In the mid-1800s, slums in New York and other eastern cities were bursting with immigrants who had come to the U.S. seeking relief from poor harvests, famines, political unrest and revolutions in their homelands. Advertising by railroad and steamship companies extolled America as “Land of the second chance” and where “free land” was available. The reality for most was quite different. Packed into slums where lack of sanitation resulted in rampant disease and working at low-wage jobs where safety was not a consideration during an era of no worker protection, neither against injury or death, nor resultant financial loss. The streets of New York became infested with 30,000 permanently separated children.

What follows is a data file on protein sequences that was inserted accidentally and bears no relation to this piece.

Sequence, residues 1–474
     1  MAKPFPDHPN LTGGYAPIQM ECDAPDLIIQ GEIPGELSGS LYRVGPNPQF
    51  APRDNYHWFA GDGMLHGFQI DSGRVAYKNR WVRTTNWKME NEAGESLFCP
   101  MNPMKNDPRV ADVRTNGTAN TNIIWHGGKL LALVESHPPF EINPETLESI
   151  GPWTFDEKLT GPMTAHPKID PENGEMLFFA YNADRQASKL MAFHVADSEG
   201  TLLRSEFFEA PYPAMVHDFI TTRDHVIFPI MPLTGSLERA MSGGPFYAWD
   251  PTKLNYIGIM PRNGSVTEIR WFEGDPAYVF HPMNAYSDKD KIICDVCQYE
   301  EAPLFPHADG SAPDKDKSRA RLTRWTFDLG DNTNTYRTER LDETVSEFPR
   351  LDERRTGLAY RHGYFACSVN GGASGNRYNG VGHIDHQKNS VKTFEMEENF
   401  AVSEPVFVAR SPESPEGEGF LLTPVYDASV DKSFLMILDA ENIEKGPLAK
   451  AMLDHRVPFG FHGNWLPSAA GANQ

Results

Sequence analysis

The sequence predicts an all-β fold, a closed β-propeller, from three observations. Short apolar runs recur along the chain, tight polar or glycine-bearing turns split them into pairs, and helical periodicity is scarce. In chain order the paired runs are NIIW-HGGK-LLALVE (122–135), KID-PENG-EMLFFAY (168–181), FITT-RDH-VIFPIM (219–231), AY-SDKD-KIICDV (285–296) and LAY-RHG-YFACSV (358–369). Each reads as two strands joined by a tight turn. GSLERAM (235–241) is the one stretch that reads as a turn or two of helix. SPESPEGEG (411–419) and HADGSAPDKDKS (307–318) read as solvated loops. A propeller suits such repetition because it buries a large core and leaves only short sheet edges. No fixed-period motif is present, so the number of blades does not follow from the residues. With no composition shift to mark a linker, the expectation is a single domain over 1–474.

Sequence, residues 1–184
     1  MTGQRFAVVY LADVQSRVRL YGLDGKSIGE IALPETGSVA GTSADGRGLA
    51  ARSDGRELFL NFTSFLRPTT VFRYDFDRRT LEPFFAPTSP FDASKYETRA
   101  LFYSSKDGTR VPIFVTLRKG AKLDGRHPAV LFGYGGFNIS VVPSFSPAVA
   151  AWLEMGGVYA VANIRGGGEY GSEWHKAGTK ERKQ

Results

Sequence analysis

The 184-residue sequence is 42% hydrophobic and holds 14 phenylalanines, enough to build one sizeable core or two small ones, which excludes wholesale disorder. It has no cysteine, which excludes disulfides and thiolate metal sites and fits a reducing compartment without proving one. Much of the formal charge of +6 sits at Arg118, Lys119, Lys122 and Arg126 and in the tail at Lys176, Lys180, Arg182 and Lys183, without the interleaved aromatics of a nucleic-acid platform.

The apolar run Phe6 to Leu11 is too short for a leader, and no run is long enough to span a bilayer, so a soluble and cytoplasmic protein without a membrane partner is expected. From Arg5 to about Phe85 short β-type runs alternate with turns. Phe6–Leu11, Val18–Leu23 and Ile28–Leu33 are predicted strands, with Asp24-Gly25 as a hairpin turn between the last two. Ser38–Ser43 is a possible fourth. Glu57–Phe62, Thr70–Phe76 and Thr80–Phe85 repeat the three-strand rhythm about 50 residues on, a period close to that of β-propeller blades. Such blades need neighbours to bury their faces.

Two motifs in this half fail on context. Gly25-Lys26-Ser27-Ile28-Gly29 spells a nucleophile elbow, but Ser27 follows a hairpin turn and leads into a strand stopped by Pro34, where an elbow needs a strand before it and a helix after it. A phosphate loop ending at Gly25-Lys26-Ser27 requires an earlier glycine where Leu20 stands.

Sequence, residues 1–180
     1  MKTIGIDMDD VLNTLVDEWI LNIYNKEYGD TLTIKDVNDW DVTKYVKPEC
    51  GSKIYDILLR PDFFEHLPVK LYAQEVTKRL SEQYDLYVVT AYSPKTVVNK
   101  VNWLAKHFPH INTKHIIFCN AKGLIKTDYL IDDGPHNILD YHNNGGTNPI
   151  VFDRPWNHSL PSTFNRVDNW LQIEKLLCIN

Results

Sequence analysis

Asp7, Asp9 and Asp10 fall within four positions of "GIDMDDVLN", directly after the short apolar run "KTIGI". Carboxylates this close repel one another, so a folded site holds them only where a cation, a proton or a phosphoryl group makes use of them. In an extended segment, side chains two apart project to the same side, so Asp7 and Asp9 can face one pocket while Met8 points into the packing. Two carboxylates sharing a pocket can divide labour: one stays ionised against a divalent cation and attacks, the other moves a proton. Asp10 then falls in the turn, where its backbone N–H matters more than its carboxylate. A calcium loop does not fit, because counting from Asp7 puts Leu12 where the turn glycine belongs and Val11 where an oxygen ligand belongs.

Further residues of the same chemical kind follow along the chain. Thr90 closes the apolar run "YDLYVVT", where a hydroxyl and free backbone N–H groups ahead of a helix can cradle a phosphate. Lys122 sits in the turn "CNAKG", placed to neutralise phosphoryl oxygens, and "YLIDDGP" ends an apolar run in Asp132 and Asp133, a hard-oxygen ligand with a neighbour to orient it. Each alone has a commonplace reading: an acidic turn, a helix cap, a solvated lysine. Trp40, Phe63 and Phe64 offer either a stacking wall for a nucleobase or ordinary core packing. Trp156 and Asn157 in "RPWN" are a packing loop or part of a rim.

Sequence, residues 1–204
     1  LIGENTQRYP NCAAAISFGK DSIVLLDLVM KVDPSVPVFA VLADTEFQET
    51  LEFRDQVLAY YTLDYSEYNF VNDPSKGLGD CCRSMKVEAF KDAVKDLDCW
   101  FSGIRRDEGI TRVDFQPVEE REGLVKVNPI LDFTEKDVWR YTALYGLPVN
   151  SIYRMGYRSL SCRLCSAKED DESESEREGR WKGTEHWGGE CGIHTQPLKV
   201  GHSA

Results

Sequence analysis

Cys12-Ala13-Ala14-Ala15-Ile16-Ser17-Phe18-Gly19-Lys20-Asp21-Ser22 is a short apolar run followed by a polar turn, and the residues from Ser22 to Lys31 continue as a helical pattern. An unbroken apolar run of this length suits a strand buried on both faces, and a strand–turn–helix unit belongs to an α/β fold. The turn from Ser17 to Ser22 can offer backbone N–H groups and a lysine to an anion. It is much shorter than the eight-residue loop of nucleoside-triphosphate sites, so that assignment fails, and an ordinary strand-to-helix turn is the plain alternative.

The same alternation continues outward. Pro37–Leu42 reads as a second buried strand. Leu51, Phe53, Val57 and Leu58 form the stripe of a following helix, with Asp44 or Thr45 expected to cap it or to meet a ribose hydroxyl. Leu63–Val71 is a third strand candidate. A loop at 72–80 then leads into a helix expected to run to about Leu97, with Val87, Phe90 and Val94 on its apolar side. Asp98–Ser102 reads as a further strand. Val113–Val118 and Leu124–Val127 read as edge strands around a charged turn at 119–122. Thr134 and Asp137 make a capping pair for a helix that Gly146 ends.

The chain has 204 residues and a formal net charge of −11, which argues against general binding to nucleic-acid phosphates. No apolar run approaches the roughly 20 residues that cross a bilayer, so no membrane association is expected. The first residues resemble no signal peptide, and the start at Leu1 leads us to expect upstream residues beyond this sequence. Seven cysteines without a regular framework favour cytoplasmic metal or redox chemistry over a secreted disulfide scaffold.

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How Roseanne and AIG Are Alike

Remember way back in 2008, when the U.S. economy – in fact the whole world’s economy – was on the verge of irreparable meltdown as a result of ludicrously complicated  investment schemes concocted by an unregulated banking industry? With taxpayer bailouts totaling $182 billion, insurance behemoth American International Group (AIG) became the poster child of financial shenanigans. They eventually were shamed into canceling expensive conferences at luxury resorts, the St Regis in Dana Point CA and the Ritz-Carlton at Half Moon Bay CA. The canceled events were had been incentives for top sales producers.

Headline stories fueling outrage for AIG’s lavish spending didn’t inquire into how the independent agents selling AIG’s boring insurance products felt about having their rewards pulled. Compensation for the high-flying perpetrators of the investment schemes was not affected. No note was taken of the housekeepers or banquet servers or other staff of the resorts and the effect on them of  lost income from the canceled events.